Stay In The Sky Stay in The Sky

The area in front of Jiyugaoka station North exit is exposed to intensive flows of people as well as various things and events in the town. From early morning to midnight, scenes change constantly through local people’s ac- tivities, the tides of 160,000 commuters and visitors a day, car and train fluxes, and the operations of shops and offices, all of which punctuate the apparently chaotic scenes into unique rhythms of the town like slow breath- ing.
Now almost buried among recent high-rise buildings, five two-storey shops facing the sta- tion square still remain as the face of the town, and one would notice the shops share an un- even yet similar-height roofline. Once noticed, the contrast between new high-rises and the surviving low-rises looks like a reminder of old Jiyugaoka back in the rapidly fading past.
Our accommodation project “YOUR PRIVATE SKY” redefines the now-hidden roofline into an open space for the shop customers and lo- cal and visiting rooftop lovers, while providing special access to sky and townscape only with the guests.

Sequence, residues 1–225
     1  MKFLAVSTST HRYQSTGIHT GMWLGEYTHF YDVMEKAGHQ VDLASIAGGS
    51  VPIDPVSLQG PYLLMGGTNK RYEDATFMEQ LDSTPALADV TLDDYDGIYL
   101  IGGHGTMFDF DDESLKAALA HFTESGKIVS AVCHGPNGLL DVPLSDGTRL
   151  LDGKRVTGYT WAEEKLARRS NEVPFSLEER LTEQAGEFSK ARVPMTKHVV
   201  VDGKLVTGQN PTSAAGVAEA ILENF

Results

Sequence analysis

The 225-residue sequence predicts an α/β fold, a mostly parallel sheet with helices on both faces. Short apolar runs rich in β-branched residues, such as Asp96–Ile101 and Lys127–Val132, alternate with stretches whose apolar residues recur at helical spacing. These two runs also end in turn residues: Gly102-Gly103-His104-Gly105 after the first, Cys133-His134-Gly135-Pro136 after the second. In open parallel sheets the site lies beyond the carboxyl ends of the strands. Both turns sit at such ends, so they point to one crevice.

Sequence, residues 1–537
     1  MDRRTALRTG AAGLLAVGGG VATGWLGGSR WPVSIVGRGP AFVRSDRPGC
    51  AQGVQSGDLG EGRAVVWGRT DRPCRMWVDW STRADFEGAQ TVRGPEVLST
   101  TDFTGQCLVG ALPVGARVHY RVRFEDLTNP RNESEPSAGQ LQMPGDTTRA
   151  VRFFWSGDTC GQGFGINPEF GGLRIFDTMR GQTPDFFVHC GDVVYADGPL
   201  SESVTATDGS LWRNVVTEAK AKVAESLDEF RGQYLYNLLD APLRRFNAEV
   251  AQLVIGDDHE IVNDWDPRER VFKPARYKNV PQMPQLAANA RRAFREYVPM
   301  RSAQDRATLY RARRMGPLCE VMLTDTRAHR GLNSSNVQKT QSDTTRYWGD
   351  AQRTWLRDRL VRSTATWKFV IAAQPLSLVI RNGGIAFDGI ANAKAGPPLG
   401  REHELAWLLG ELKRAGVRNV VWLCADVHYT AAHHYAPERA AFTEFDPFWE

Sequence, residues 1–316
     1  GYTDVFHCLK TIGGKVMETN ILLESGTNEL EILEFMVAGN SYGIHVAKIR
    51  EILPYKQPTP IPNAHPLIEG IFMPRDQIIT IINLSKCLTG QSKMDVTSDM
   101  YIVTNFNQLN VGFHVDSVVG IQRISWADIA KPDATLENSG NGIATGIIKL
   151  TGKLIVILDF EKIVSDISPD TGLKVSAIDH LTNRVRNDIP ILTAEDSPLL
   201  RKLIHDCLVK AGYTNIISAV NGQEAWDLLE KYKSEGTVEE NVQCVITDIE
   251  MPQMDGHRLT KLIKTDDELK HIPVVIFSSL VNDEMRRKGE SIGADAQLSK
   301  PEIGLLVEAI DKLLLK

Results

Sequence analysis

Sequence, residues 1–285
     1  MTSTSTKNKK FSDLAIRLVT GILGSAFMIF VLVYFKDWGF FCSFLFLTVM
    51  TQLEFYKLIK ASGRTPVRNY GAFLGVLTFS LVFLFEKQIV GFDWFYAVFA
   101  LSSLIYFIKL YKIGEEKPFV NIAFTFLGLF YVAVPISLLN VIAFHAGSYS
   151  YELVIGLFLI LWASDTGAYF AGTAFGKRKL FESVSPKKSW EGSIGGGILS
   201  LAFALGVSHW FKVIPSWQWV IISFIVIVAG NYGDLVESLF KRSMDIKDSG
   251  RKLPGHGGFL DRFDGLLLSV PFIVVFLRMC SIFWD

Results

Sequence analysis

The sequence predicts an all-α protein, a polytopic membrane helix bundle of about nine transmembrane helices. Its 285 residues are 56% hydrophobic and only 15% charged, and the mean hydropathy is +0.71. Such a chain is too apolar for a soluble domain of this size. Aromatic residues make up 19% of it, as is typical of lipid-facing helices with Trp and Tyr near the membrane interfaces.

While the shape and function of the sink has remained largely similar throughout its modernization, as a network it has greatly changed through time, perhaps most tangibly expressed in the reduction of the visibility of water in Japanese daily life. Even though water-supply systems were introduced within cities in the Edo Period, daily water management still entailed close human interactions: guarding the water source, lifting water from the well, common laundry activities, etc. Although the widespread introduction of underground water-piping systems and pumps after World War Two enabled the direct delivery of water to individual apartments, wastewater still remained open and thus visible. Further improvements in the closing decades of the twentieth century, in the form of pressure pumps, facilitated universal direct supply, even to multistory buildings. At the same time, grey water and black water are now systematically transported to treatment plants through a sewage system, hidden from sight, before being fed back into rivers or the sea.


Equipped with sound effects, deodorizers, sanitizers, automatic lid-opening and -closing systems, as well as washlets and seat-heating mechanisms, Japanese toilets are striking in their modernity and comfort. Animated and interactive, and due to their digital technology reaching a new dimension of anthropomorphism, they surpass by far their Western, mostly mechanized equivalents. Yet as contemporary as all these effects might seem, more than anything they recall core features of the traditional Japanese house: the sound imitates the running water outside the home, the deodorizing smell is a reminder of the Kinmokusei flowers planted beside outhouse toilets, the pre-warmed seat is the counterpart to the absence of heating in the traditional toilet.